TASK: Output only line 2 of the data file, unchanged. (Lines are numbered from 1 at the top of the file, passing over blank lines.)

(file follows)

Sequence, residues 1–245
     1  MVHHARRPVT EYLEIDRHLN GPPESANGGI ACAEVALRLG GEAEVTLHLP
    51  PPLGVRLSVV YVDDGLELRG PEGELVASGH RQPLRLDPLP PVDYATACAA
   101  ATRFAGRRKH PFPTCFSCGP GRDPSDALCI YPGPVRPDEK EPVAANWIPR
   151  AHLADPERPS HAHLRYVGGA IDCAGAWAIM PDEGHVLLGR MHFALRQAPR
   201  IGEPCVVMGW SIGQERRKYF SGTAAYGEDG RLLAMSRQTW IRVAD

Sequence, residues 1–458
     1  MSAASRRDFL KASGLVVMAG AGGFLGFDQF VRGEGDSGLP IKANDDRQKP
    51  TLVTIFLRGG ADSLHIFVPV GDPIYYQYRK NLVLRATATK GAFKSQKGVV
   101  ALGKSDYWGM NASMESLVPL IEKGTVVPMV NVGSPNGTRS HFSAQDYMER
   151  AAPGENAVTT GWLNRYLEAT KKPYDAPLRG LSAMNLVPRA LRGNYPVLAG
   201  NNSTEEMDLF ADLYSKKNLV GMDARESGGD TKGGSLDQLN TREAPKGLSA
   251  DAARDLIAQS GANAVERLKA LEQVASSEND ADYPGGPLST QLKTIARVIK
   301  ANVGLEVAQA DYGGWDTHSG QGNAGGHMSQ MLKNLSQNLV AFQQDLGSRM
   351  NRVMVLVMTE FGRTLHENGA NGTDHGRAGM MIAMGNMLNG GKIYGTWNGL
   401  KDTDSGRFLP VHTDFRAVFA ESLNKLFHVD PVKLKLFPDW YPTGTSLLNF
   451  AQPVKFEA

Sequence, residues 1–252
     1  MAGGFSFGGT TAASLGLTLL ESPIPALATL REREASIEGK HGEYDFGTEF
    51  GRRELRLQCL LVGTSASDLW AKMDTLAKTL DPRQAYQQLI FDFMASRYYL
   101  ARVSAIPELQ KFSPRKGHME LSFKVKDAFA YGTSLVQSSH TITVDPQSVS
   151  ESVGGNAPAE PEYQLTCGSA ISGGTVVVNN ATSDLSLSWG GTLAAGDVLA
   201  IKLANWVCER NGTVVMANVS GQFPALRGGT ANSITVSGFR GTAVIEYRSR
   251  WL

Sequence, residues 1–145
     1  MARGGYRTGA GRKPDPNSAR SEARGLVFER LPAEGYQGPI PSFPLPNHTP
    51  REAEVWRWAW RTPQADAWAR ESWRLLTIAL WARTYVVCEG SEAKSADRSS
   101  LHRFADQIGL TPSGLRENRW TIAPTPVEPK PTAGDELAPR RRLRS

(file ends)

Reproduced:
     1  MVHHARRPVT EYLEIDRHLN GPPESANGGI ACAEVALRLG GEAEVTLHLP